Salivary Gland Tumor — Remove or Monitor?
Sign Up for OurCancer Care and PreventionNewsletter
Thanks for signing up!You might also like these other newsletters:
They detected a small tumor in my husband’s saliva gland. The doctor first told us that even if it was not cancerous now, that they tend to turn cancerous if not removed. The biopsy was mostly fluid, but there were some abnormal cells — not enough to be conclusive. The MRI revealed all the "characteristics" of a non-cancerous tumor. The doctor now tells us that because it shrunk and is so small, that we should wait and watch. This makes us both nervous, because of his first statements. What advice do you have?
There are both major and minor salivary glands in your body. Minor salivary glands are small clusters of cells and line the roof and sides of your mouth and can number up to 250 glands. Major salivary glands are paired and include the parotid glands, found on the sides of your face in front of your ears; submandibular glands, found below your jaw; and sublingual glands, found below your tongue.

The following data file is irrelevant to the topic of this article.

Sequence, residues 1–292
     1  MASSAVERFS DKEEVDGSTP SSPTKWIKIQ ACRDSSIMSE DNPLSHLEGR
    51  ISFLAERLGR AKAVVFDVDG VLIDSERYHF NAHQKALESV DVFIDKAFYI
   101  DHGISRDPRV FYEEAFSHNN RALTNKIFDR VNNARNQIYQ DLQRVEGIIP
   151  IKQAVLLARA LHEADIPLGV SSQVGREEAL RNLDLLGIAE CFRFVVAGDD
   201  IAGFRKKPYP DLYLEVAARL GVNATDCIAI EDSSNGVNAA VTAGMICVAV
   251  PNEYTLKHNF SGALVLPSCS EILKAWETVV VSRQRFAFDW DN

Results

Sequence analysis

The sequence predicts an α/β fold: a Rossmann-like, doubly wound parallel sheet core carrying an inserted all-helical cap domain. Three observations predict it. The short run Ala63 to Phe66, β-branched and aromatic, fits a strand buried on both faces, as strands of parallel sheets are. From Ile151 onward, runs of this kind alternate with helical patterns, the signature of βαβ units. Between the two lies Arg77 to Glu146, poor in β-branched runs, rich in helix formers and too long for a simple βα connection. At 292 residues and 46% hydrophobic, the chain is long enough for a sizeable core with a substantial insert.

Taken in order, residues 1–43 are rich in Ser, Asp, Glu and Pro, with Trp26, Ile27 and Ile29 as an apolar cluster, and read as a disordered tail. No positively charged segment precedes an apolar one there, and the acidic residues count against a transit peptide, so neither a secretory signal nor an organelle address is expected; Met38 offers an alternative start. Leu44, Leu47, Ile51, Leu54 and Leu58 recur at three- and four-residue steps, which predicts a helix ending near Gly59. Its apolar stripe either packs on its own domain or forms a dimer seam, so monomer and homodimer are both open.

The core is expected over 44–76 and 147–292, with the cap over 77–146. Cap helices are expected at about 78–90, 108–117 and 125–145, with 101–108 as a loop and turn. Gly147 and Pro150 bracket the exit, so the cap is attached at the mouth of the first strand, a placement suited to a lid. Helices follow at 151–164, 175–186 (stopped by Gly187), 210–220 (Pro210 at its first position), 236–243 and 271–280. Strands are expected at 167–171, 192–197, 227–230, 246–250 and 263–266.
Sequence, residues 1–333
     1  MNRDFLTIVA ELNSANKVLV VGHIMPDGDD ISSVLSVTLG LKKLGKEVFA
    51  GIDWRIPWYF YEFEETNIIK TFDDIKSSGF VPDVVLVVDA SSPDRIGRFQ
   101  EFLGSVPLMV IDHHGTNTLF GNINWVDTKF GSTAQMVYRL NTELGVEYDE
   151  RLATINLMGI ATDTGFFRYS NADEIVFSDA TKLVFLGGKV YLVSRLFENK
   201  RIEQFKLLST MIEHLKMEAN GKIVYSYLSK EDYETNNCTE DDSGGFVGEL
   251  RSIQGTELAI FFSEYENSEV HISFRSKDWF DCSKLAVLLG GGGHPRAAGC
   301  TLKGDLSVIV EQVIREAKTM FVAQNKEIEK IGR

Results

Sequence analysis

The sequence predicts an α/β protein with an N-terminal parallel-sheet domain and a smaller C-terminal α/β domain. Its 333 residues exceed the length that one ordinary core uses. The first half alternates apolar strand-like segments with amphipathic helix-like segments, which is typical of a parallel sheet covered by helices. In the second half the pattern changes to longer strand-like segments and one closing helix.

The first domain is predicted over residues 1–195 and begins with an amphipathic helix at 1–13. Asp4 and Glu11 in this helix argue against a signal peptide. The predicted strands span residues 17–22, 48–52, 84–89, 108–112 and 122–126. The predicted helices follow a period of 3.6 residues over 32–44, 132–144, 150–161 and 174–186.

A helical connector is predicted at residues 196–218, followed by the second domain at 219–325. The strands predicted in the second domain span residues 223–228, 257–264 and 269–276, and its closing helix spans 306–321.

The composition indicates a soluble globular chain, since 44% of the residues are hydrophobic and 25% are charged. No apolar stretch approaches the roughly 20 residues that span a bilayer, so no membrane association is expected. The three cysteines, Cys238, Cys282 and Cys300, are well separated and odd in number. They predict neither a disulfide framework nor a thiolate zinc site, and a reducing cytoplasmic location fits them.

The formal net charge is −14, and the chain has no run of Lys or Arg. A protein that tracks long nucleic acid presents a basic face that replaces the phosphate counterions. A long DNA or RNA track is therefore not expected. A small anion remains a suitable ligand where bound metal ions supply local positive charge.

In general, the larger the gland, the more likely it is that a growth in that gland is benign. For example, 80 percent of masses in the parotid gland (the largest salivary gland) are benign. In contrast, 50 percent of masses in minor salivary glands (smallest glands) are cancerous.
Fine needle aspiration — where a small needle is inserted into the tumor and cells are removed for analysis — is a common method of distinguishing between benign tumors and cancers. MRIand CT scans can also help determine the size and location of the lesion.
Whether or not to undergo surgery depends on many factors, including the location, size and type of tumor. For example, even a small benign tumor in the parotid gland should be removed as it will grow over time and can become more difficult to treat.
In contrast, some small cysts can be watched over time if there is confidence that they can be easily evaluated. All cancerous lesions require treatment, whether it’s surgery, radiation or both. In general, these treatment decisions should be made in consultation with your doctor. If you are concerned about a specific treatment plan, my advice is to sit down with your doctor and discuss your concerns.
Video: How To Save The Facial Nerve During Parotid Salivary Gland Tumor Surgery / Neck Lump.
Wendy Williams Gets Emotional As She Describes Fainting On Live TV
How to Tell Your Mom About Your Period
10 Easy Ways to Streamline Your Day
How to Find Your Inner Beauty
Get More Effective Sleep Without Medication
Biogen and Eisais Alzheimers data for BAN2401
How to Care for a Dog After It Has Just Vomited
How to Find God
How to pack on muscle if you’re genetically skinny